FDI to Morocco contribute to the development of human capital in the areas of research. However, the contribution of these investments remains minor.

While our model has an important external validity and reliability, it is annihilated by a set of limits. The first concerns the failure to take into account certain economical dimensions such as: the exchange market, foreign trade and legal and institutional framework. Measurement of certain concepts was rough because of the small number of secondary information providers. Finally, a limit concerns the testability of our theoretical research model that confronts the empirical data from a single economy and limited data.

We suggest to future researchers in this area, to test the robustness of our theoretical model in other similar contexts in Morocco, especially as we invite them to include other economic dimensions. Furthermore, we highly recommend, improving the test conditions of this model, enriching the reliability of measurements by the choice of relevant variables and more by increasing the number of observations.

References

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[14]MENESFCRS. Les Priorites Nationales De Recherche Programmes, Axes Et ThemesDefinies En Fonction Des Orientations Des Strategies Gouvernementales En Matiere De Developpement. Royaume-du-Maroc: Ministère-de-l’Education Nationale-de l’Enseignement-Supérieur-de-la-Formation des Cadres-et-de-la-Recherche-Scientifique.(2009).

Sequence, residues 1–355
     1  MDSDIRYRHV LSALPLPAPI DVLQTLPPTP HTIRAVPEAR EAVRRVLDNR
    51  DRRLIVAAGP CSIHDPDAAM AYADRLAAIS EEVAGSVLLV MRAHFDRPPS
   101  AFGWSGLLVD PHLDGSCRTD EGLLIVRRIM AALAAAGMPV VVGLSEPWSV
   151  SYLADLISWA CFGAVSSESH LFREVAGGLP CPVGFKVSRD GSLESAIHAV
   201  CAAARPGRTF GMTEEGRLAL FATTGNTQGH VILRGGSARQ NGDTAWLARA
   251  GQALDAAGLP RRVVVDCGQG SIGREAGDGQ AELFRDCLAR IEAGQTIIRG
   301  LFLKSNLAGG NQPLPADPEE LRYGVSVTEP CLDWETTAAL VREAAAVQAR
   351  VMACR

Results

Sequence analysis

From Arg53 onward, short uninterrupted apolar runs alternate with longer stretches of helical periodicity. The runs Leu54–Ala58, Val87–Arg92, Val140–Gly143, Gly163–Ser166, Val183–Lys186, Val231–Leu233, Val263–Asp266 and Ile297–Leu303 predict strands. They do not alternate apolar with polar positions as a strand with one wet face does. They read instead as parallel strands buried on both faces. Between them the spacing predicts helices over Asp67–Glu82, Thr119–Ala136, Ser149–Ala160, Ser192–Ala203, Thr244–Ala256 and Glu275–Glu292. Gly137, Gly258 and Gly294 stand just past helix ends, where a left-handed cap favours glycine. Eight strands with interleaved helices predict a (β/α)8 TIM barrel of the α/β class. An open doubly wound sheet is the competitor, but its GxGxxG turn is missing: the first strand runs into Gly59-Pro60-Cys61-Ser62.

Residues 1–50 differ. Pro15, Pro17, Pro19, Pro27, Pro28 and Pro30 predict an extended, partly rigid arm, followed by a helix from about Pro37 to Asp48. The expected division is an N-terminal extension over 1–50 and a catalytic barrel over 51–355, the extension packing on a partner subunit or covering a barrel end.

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[13]Moretti, E. Workers' Education, Spillovers, and

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[6]Romer, P. M. EndogenousTechnological Change. Journal of politicaleconomy, 98(5). (1990). 71-S102. doi: 10.2307/2937632

Hicham MOHAMED HAMRIProfessor of Higher Education and a

Member of the Team Research on EconomicsTransport, Technologie of Information and Logistics (ERETTLOG). National School of Business and Management ,University Ibn ZohrAgadir Morocco.

Ouafae ZEROUALI OUARITIProfessorof Higher Education and

Responsible of the Team Research on EconomicsTransport, Technologie of Information and Logistics (ERETTLOG). National School of Business and Management , University IbnZohrAgadir Morocco.

Abdelouahab SADIQUIDoctoralstudent in the Team Research on

EconomicsTransport, Technologie of Information and Logistics

Figure

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References